Machlokes / Controversy

Jewish World Review Feb. 4, 1999 / 18 Shevat, 5759

Jonathan Rosenblum

Those ornery Orthodox: Myth and Reality

"WHY, WHEN THERE IS SO MUCH ANTI-SEMITISM in the world, must fellow Jews hate us as well?" a sixteen-year-old girl wrote recently to a Reform journal.

An Orthodox Jew who happened to read that statement called her up and told her that it was simply untrue that Orthodox Jews hate Reform Jews. "And if you don't believe me, he added, go with your parents to any Orthodox shul on a Friday night, say you are Reform Jews looking for a Shabbos meal, and see what happens.'' "You sound like a nice man and I'd like to believe you," the girl replied, "but I can't because all my teachers have taught me differently."

The lie that religious Jews hate non-religious ones does more than any other to poison the air between Jews. It serves as a convenient justification for the venom regularly aimed at the Orthodox. But its ultimate victims are those non-religious Jews, who usually have had no personal acquaintance with observant Jews, and who left more estranged than ever from their heritage.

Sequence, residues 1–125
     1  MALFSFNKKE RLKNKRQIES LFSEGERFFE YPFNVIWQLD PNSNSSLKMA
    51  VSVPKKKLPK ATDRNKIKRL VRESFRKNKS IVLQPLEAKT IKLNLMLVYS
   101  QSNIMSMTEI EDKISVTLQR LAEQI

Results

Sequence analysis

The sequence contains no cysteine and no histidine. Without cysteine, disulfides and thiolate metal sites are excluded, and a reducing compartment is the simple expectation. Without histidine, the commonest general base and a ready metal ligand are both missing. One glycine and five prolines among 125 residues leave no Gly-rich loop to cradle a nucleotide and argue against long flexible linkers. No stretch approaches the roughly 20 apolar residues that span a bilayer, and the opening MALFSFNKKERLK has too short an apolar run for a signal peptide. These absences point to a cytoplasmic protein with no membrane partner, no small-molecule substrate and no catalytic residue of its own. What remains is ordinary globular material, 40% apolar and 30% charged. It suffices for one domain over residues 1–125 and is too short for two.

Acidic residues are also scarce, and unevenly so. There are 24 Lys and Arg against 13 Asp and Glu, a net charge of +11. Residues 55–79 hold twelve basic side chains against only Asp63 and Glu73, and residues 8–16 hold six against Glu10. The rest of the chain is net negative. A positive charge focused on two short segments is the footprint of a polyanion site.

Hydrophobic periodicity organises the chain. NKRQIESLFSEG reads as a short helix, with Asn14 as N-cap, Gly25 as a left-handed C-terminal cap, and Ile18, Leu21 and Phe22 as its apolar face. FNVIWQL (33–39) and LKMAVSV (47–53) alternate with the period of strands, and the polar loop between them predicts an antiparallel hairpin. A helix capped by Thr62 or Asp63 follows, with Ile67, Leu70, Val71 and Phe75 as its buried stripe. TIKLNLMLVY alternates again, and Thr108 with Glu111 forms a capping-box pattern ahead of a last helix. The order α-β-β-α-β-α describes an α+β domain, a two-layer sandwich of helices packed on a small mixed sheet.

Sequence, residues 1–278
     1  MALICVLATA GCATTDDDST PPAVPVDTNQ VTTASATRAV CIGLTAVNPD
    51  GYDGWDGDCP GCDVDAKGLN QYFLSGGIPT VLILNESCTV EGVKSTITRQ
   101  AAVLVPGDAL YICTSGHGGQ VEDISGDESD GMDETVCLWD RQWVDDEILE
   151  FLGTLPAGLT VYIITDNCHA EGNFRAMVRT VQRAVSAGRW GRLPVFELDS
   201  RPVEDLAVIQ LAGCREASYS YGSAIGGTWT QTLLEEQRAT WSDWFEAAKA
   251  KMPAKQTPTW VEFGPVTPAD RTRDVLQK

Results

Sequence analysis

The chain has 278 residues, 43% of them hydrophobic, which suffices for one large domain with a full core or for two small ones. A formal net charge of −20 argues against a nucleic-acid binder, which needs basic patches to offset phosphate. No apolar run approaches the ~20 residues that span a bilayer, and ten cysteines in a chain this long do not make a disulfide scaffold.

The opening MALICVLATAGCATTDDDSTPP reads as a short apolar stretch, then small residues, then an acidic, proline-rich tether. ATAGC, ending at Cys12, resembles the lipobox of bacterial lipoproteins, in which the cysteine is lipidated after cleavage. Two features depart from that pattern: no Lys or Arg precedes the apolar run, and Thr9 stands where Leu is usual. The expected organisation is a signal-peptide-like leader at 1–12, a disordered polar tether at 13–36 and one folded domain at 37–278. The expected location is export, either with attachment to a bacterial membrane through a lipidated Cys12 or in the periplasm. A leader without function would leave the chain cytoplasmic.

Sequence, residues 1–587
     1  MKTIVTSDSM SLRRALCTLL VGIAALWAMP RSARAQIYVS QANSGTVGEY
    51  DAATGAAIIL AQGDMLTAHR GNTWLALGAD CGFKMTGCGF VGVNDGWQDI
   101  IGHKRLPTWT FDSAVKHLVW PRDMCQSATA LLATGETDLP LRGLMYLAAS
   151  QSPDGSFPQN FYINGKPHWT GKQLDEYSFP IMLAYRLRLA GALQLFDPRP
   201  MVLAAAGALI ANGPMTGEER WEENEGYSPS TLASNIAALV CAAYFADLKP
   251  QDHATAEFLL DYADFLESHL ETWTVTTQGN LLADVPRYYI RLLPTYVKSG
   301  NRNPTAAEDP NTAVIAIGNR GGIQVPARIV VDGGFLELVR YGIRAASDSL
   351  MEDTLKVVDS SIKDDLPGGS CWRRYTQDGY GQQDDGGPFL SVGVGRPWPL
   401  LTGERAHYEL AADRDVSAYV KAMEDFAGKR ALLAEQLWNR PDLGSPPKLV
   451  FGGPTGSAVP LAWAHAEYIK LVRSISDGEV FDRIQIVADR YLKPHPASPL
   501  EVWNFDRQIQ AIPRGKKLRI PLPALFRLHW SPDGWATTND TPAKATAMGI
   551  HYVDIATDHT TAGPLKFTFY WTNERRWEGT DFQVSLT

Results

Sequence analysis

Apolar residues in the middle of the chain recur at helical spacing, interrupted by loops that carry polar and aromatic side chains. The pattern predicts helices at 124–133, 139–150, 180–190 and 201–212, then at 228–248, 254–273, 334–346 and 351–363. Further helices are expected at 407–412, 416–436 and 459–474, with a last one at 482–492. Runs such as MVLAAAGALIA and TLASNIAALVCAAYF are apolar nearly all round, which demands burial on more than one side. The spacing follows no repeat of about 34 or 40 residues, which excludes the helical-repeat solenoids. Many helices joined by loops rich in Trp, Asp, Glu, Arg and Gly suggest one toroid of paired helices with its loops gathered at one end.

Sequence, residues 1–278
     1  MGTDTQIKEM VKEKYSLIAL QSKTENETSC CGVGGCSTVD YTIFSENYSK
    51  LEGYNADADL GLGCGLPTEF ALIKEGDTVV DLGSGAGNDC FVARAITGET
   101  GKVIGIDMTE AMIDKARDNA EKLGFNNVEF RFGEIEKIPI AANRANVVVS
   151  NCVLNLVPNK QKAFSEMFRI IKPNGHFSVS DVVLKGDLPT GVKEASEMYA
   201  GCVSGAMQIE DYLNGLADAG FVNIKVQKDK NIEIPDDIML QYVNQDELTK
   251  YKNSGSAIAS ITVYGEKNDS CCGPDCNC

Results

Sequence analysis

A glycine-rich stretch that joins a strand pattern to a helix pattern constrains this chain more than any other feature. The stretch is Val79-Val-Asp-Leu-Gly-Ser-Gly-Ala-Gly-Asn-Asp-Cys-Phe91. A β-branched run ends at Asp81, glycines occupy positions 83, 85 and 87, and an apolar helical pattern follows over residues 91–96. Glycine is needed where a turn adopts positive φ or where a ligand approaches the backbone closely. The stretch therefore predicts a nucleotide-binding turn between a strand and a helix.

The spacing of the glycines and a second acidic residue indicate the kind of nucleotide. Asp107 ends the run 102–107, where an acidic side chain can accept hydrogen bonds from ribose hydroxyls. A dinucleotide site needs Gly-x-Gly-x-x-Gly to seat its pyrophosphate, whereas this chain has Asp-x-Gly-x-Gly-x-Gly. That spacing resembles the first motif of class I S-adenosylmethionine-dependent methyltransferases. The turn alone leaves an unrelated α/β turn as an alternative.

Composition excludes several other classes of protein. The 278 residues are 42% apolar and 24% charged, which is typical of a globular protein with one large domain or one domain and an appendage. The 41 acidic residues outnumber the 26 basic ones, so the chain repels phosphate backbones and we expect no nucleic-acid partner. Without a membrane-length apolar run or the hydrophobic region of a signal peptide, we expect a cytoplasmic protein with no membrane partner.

Fortunately the claim of Orthodox hatred is easily refuted.

Two months ago, I participated on a panel on the secular/religious divide in Israel at the annual convention of Agudath Israel of America. Everything said was for internal consumption of the entirely Orthodox audience.

According to the theory of Orthodox contempt, the discussion should have been devoted to talking about how secular Israelis are nothing but Hebrew-speaking goyim. Yet in nearly two hours of speeches, there was not one word denigrating or condemning the secular public.

The first speaker, Rabbi Yosef Raful-Harari, spiritual leader of the Syrian-Jewish community in Brooklyn and a native Israeli, pounded home one message: Once religious Jews return hate with hate and forget the imperative to love their fellow Jews, they have lost no matter what the rights and wrongs of the situation.